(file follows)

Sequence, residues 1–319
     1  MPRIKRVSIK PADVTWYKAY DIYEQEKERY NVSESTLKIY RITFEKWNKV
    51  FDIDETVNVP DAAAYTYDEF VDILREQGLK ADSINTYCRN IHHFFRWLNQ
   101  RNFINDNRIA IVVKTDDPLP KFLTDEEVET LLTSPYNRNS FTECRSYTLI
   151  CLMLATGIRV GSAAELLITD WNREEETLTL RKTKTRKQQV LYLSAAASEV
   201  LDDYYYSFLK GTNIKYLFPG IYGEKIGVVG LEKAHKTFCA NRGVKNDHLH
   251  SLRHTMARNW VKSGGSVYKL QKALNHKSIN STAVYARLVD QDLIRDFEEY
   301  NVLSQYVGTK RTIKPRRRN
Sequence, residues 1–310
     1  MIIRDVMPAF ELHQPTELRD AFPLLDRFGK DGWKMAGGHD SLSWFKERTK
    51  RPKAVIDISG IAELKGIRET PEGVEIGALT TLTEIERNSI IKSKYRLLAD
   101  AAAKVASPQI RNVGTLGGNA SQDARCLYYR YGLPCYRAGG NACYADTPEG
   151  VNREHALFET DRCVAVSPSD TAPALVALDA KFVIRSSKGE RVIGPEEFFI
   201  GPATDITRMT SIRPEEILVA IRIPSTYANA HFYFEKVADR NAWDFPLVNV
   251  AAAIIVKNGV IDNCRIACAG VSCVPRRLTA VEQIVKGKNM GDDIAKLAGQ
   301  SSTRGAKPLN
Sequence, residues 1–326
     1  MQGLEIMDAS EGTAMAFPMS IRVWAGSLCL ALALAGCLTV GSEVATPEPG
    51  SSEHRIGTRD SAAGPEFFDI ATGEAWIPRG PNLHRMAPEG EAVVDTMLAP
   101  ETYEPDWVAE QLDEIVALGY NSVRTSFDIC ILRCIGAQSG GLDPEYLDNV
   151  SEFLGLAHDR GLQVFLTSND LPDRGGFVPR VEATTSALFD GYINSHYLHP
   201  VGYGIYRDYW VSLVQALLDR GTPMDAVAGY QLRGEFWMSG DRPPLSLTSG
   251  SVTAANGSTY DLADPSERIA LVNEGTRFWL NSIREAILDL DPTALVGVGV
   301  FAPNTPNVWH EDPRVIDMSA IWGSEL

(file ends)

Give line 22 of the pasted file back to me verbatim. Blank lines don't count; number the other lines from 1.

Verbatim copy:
   201  VGYGIYRDYW VSLVQALLDR GTPMDAVAGY QLRGEFWMSG DRPPLSLTSG